/ 3 July 2019

New Scopa chair wants parly watchdog to have more ‘bite’

“People call us the watchdog of Parliament. I want us to be known as not just a dog that watches
“People call us the watchdog of Parliament. I want us to be known as not just a dog that watches, but a dog that bites,” newly appointed Scopa chairperson, Mkhuleko Hlengwa says. (David Harrison/M&G)

Mkhuleko Hlengwa, the new chairperson of Parliament’s standing committee on public accounts (Scopa), says he wants the body to have more power to bring wayward government entities and officials into line.

Hlengwa of the Inkatha Freedom Party (IFP), was this week voted in as the chairperson of the legislature’s anti-corruption committee. The ANC offered the position to the IFP, keeping up the tradition that the Scopa chairpersonship be held by an opposition member of Parliament.

“People call us the watchdog of Parliament. I want us to be known as not just a dog that watches, but a dog that bites,” Hlengwa said in an interview following his first committee this week.

The 32-year-old MP is already a veteran on the Scopa committee, having served on it for five years in the last parliament.

He’s known as a no-nonsense interrogator, often having even senior government cabinet ministers shifting uncomfortably in their seats.

While he says he often doesn’t enjoy an inquisitorial approach, it is often necessary. “I don’t take joy in the tension. But I am content in doing the job. I will not back down. I’m not afraid.”

To do that, Hlengwa says Scopa needs more teeth. It has no prosecutorial powers, and can only recommend police investigate cases of alleged illegality. Also it makes recommendations to the legislature on how to deal with alleged wrongdoing by its members.

But, Hlengwa says this could change over the next five years if he has his way.

Already, bodies like the Auditor General (AG) have been given more powers to hold government entities accountable.

The Public Audit Amendment Act, signed into law last year by President Cyril Ramaphosa, now gives the AG powers to hold people who serve on boards of state-owned companies, or financial officers of governmental departments, personally responsible for the misappropriation of public money.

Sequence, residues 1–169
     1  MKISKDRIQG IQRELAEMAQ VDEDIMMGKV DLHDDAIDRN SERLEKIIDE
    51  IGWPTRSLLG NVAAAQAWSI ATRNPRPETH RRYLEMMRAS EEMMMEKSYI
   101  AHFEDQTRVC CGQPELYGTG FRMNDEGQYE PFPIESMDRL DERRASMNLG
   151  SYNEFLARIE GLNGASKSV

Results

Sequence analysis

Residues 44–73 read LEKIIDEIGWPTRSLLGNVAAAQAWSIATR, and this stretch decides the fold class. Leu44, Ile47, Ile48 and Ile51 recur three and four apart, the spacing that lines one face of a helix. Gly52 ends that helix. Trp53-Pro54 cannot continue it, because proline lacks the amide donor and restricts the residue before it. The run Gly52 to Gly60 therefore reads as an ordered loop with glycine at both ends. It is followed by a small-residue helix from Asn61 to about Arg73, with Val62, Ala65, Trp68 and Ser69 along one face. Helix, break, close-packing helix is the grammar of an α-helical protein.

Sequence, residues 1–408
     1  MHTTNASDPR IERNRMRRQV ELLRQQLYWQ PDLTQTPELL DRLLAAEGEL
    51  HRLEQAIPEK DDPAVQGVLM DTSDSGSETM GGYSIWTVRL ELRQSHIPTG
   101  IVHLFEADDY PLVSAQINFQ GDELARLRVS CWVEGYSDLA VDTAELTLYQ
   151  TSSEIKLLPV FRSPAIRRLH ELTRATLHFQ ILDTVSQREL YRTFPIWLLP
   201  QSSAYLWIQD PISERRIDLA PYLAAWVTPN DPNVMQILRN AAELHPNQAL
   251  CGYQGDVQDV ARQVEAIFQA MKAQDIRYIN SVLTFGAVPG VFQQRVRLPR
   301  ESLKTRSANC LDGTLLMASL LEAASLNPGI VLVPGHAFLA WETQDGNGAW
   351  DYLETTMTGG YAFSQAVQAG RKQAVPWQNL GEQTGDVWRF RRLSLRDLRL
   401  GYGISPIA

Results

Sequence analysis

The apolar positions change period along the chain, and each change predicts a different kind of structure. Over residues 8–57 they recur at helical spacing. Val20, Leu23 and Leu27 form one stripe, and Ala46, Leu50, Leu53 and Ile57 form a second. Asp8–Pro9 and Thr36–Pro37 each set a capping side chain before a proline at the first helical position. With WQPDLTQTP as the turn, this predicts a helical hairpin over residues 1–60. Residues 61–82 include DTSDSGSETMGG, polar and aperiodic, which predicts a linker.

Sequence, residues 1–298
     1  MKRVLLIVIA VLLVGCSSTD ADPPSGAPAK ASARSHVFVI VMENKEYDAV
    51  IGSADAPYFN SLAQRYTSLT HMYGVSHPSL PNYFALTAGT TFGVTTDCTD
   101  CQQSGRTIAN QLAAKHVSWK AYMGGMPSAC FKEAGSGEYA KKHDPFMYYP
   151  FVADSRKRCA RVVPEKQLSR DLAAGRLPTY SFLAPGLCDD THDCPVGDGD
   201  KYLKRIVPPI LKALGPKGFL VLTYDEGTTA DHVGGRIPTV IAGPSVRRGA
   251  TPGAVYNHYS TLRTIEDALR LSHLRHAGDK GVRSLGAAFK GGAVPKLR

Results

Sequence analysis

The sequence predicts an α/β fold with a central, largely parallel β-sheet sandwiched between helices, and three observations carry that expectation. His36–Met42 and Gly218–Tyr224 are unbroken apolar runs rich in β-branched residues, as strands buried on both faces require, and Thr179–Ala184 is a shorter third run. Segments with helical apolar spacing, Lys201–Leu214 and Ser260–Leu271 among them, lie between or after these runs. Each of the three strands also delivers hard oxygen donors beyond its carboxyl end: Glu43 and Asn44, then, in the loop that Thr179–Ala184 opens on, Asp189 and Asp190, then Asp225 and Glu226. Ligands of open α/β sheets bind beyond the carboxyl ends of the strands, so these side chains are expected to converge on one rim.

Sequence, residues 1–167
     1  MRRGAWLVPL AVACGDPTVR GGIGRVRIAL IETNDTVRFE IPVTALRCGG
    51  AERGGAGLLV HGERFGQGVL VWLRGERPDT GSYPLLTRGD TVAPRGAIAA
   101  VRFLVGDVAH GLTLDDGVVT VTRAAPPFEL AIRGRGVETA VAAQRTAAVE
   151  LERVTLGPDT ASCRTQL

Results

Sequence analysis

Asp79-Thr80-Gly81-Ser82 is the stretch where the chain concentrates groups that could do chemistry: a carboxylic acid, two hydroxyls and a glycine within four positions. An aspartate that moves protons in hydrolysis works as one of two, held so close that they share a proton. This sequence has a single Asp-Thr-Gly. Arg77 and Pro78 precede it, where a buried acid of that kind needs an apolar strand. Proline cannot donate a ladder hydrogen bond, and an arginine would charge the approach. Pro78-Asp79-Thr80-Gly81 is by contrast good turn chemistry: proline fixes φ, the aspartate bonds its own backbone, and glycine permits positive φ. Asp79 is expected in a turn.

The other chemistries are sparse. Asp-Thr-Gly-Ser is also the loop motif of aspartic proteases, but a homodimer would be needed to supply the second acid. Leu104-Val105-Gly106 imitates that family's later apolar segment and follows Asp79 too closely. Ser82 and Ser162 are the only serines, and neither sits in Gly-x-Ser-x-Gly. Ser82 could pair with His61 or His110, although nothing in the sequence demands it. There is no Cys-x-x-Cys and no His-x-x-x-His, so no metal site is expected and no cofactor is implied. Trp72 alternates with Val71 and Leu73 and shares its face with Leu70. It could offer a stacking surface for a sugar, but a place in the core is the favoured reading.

They can also now be issued with a debt certificate, meaning they could be forced to repay the money from their own pocket.

Hlengwa says: “We are going to ensure that the new powers given to the Auditor General to act [against malfeasance] are enforced. The AG is our ally in this fight. We are looking at the possibility of Private Members Bills, or Committee Bills and some changes to legislation [to give Scopa more bite].”

One of the first government entities to be called will be the National Prosecuting Authority, to ask for an update on the progress of investigations and prosecutions when it comes to state capture, he says.

“We have to have a stern meeting with the National Prosecuting Authority. There are serious shortcomings. There are a lot of outstanding cases and that does not sit well with me. Yes, we are coming from an abnormal era where we have to unravel the web of state capture. But we need people to walk the plank.”

The new chairperson wants particular focus on the state of state-owned enterprises (SOEs) and the impact of state capture. The scale of that capture is becoming more and more evident during ongoing testimony at the judicial commission of inquiry into state capture — chaired by Deputy Chief Justice Raymond Zondo.

“SOEs are problem children. And they need the full might of Scopa exerted on them. We need to call out these things. There’s this thing of walking on eggshells, we need to call out Person A and say, ‘You were wrong.’ My previous five years in Scopa, and seven in total at Parliament has given me the perspective to say there’s a lot of work to be done.”

Hlengwa understands the risks of serving as Scopa chair, a position offered at the behest of the majority party in the National Assembly. But he says he will not be controlled by any party other than his own.

“We won’t be an extension of the ANC, we are not a lackey of the ANC, and anyone who thinks that doesn’t know the IFP… This is a principled acceptance on our part and I am certainly not a lackey and I won’t kowtow to things that are outside the law. “

He denies that the IFP was offered the Scopa position in exchange for backing the ANC in metro’s currently governed by the Democratic Alliance, and support during the next local government election. “There’s no agreement with this position. There’s no trade offs. We have accepted the position of Scopa because we understand what the ANC was trying to do of keeping the tradition (offering Scopa to opposition).”